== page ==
ENGLEWOOD, Colo. -- A breakdown of the first week of free agency for the Denver Broncos:
Most significant signing: The Broncos’ first signing went to a need position in tackle/guard Donald Stephenson, and they did swing a deal for a conditional seventh-round pick to get quarterback Mark Sanchez. But the most significant signing was the Broncos’ decision to match the four-year, $18 million offer sheet running back C.J. Anderson got from the Miami Dolphins. The Broncos had used the lowest tender on Anderson, who was a restricted free agent, so they would not have received compensation had they not matched the Dolphins’ offer. The Broncos gambled that they could save a little on the front end with the lower tender but ended up matching an offer that puts Anderson among the best-paid running backs in the league.
Most significant loss: Defensive end Malik Jackson and linebacker Danny Trevathan started more games than quarterback Brock Osweiler did in four years with the Broncos. But Osweiler’s departure to the Houston Texans for $7 million more guaranteed than the Broncos offered signaled that Osweiler was more than ready to move on in the wake of the Broncos going 5-2 in games he started in place of the injured Peyton Manning. (Of course, Osweiler was pulled in the regular-season finale, and Manning was behind center when the Broncos rallied to win the regular-season finale over the San Diego Chargers to earn home-field advantage in the playoffs and started all three postseason games, including Super Bowl 50.) While Osweiler's ability as a full-time starter is still a question mark, especially for an $18 million-per-year deal, his departure puts the Broncos in a position to invest in another long-term option at the position.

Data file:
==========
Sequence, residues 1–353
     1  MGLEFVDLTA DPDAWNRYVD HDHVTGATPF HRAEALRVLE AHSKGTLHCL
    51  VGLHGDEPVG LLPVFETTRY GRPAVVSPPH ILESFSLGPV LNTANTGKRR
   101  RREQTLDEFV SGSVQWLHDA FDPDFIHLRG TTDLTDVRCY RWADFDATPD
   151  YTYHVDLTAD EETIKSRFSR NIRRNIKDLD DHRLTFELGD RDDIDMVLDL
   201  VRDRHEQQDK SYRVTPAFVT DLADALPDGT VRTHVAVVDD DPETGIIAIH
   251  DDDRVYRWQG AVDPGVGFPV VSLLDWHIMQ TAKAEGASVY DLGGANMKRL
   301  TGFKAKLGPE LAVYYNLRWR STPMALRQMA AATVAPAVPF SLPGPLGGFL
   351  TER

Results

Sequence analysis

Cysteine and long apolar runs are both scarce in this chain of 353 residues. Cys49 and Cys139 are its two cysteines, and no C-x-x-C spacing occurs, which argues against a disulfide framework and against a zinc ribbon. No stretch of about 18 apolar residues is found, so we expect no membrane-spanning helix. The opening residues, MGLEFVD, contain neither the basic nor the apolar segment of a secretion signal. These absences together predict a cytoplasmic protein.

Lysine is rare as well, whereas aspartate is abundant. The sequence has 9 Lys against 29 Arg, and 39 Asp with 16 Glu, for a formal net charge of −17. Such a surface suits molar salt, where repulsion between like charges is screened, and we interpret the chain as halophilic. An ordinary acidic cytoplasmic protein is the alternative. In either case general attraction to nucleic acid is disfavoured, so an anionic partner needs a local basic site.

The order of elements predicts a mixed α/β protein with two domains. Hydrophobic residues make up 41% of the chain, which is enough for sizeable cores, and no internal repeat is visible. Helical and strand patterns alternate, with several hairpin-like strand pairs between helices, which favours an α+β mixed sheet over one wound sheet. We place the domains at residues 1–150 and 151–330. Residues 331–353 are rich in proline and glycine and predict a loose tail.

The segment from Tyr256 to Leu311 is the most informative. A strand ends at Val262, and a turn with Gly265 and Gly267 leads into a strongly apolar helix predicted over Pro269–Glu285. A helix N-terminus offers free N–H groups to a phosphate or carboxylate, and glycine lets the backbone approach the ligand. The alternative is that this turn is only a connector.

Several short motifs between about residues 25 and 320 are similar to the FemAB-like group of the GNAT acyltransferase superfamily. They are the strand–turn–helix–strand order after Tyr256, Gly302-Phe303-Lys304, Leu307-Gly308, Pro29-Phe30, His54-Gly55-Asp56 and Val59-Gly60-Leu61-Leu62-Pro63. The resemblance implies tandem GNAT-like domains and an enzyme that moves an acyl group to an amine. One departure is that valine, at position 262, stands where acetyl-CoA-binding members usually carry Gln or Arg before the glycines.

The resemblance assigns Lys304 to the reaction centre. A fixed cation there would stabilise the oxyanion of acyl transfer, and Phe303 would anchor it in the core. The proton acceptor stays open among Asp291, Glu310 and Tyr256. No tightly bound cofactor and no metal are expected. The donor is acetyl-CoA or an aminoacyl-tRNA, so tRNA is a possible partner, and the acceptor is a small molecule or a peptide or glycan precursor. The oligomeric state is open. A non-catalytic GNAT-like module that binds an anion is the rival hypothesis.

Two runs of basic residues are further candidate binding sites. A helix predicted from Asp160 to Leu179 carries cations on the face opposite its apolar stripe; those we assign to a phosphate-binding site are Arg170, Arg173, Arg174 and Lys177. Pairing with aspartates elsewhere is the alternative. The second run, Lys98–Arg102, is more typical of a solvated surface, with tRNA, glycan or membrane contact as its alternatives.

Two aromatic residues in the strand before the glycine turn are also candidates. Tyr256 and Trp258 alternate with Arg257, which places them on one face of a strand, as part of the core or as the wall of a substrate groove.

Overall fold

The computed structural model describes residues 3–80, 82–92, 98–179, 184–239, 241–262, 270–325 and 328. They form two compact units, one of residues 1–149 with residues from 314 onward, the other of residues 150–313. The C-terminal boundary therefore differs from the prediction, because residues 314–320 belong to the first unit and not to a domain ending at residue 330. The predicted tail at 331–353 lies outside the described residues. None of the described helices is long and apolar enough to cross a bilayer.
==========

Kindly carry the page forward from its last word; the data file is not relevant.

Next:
Player they should have signed or still could sign: The Broncos believe Sanchez is a viable option as a potential starter in their system on offense. But they could still add another veteran quarterback, at least until they can decide whether Sanchez is going to be up to the task of starting at quarterback. Whether that means waiting to see Ryan Fitzpatrick’s price comes down -- a lot -- or adding a player like Brian Hoyer, another experienced passer likely remains on the to-do list.
What’s next: With the prospect of trying to complete the megadeal for linebacker Von Miller, the Broncos are fairly squeezed against the salary cap after matching the deal for Anderson. But they have talked to tackle Ryan Clady about reworking his contract to make additional cap room; he is scheduled to count $10.1 million against the cap. They will continue to look at veteran quarterbacks and perhaps a running back and point to maximizing their 10 picks in the April draft, including securing a quarterback prospect.
Overall grade: C. They Broncos have remained disciplined, and whether folks believe that counts, it does. But you do have to be right about your decisions. The fact is, they simply were not going to pay Jackson, Trevathan and Osweiler what those players could get elsewhere, because it would have been difficult to do even two of those deals and still be poised to get Miller locked up. If they lock up Miller before training camp, he becomes the keystone move of the offseason and it with all have worked out fine. And if Sanchez or another quarterback can keep the offense on track, then the grade could be much better.